Shape More Important than Amount!
This ECG Mantra regarding the shape of ST-T wave deflections — incorporates the concept of "proportionality" (since a "normal" ST-T wave shape is dependent on relative size with respect to the QRS complex in the lead being looked at). In addition — small ST-T wave deflections of an abnormal shape may prove to be more important than a certain amount of ST segment deviation.
  • To Emphasize — that while I completely agree with Dr. McLaren that ECG #1 is almost certain to represent a repolarization variant and not an OMI — my "eye" could not help but notice the abnormal shape of the straightened ST segment takeoff in leads V1,V2,V3 (straightened RED lines in these leads). Normally, there should be gentle upsloping (rather than straightening) of ST segments in these anterior leads. So while I strongly favored the conclusion of "not an OMI" in this 45yo man who most probably has LVH and a repolarization variant — I felt the shape of the elevated and abnormally straightened ST segments in 3 consecutive anterior leads merited additional information before I could be 100% convinced that ECG #1 did not represent a superimposed acute change.

  • Another example on the role of shape is also evident in ECG #2 — in the form of T-QRS-D (Terminal QRS Distortion) — if not in lead V2 (where the truncated s wave almost reaches the baseline) — then in lead V4 (See My Comment and illustration of T-QRS-D in the November 14, 2019 post of Dr. Smith's ECG Blog).

Neighboring Leads? — and the Rest of the ECG!
  • I've highlighted above how one look at lead V4 in ECG #1 — strongly suggested probable LVH and a repolarization variant (and not an OMI). I next apply the concept that the more leads showing similar findings in the same anatomic area — the greater the likelihood that your impression is accurate. Thus, my impression of probable LVH in a patient with a repolarization variant is strengthened by the J-point notching in neighboring leads (BLUE arrows not only in lead V4 — but also in leads V5,V6 of ECG #1— as well as by the very tall R waves in leads V5,V6.

  • In ECG #2 — I've highlighted how one look at the 2 leads within the RED rectangle in ECG #2 was enough to convince me of the need for prompt cath. The suggestion of T-QRS-D in neighboring lead V4 provides further support (BLUE arrow showing failure of the s wave in V4 to descend to the baseline).
  • In this context — loss of r wave from lead V1, with resultant small-but-significant q waves in not only leads V2,V3 — but also in neighboring leads V4,V5,V6 is significant (ie, Septal q waves may normally be seen in leads V4,V5,V6 — but they should not be seen as far anterior as leads V2,V3 — and the Q wave in lead V2 should not be larger than the q wave in leads V5,V6).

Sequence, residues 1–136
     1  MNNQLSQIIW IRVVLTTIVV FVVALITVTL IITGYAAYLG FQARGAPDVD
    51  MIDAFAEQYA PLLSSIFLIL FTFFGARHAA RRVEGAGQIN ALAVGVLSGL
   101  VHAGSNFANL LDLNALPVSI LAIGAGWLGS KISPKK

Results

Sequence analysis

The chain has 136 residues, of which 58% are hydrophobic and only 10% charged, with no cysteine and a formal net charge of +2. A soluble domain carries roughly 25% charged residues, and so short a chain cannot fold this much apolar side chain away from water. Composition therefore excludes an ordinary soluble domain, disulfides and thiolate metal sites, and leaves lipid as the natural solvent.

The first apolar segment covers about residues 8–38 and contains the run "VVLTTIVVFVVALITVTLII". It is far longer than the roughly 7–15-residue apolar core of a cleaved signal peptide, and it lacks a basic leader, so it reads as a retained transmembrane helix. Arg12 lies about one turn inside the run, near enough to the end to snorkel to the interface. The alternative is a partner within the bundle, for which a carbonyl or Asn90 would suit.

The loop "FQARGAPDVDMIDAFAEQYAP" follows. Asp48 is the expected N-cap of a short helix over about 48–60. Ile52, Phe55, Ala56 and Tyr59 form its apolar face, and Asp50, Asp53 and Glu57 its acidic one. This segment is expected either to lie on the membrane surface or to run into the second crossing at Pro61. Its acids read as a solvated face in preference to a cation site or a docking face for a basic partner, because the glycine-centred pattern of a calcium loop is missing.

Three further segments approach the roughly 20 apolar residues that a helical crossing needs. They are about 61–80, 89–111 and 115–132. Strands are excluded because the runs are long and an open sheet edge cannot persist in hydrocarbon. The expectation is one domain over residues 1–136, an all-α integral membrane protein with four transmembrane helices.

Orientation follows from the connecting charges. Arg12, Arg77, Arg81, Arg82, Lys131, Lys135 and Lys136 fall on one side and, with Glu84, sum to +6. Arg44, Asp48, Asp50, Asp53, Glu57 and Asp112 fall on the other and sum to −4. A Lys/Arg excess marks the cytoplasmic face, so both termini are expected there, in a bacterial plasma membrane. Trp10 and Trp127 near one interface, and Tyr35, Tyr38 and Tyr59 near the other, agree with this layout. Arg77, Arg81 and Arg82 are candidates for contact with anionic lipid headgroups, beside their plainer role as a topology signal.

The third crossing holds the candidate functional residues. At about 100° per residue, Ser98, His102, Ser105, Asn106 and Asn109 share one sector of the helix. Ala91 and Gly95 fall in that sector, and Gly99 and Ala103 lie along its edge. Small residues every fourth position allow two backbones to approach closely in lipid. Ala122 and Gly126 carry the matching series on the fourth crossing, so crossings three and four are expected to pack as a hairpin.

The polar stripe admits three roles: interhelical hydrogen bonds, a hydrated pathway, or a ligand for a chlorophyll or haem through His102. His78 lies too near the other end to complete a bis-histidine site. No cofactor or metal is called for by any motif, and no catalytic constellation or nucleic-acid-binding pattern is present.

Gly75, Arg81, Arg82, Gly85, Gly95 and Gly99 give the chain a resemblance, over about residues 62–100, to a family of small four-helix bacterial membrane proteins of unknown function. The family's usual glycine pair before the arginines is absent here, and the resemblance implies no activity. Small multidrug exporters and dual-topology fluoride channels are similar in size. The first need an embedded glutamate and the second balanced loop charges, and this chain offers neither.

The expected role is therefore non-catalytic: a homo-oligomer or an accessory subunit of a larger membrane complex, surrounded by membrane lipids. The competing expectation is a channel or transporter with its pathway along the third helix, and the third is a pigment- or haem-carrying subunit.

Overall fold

• As per Dr. McLaren — the Rest of ECG #2 is consistent with an LAD OMI, in that there is a subtle hyperacute (if not slightly elevated) ST segment in lead aVL — as well as subtle reciprocal changes in inferior leads III (depressed ST segment shape with down-up terminal T waveand aVF (flattened ST segment).

Can you Explain all the Findings?
While our 1st priority in assessing the patient with new CP is to determine if prompt cath is needed — if we see no indication of OMI, but the ECG is not "normal" — I like to look for a reason WHY the ECG is not normal (ie, Could the patient's CP be the result of a tachyarrhythmia or pulmonary embolism?).
  • For example, in today's case — Cardiac cath performed on Patient-1 was normal, and acute OMI was ruled out. But ECG #1 is not "normal". Instead — there is significant increase in voltage for a 45yo man — with tall initial R waves in leads V1,V2 (7 mm in lead V1 and 15 mm already by lead V2!). These ECG findings could be consistent with HCM (Hypertrophic CardioMyopathy) — which could be responsible for this patient's CP. [Presumably — significant HCM if present, would have been seen on cath — but the point is that the BEST way to feel totally comfortable with your interpretation — is when you can explain all abnormal findings].

Today's "Take-Home"
Among the lessons to be learned from today's case are a number of KEY concepts that aren't found in textbooks. These include:
  • Applying proportionality in your assessment (Failure to account for such proportionality is one of the major reasons for failure of the STEMI paradigm).
  • Appreciation of shape rather than a certain millimeter amount of ST segment deviation. 
  • Looking for 1 or 2 leads that can instantly give you the answer — and then looking at neighboring leads to further support your answer.
  • Trying to understand abnormal ECG findings, even if you don't think it's an OMI.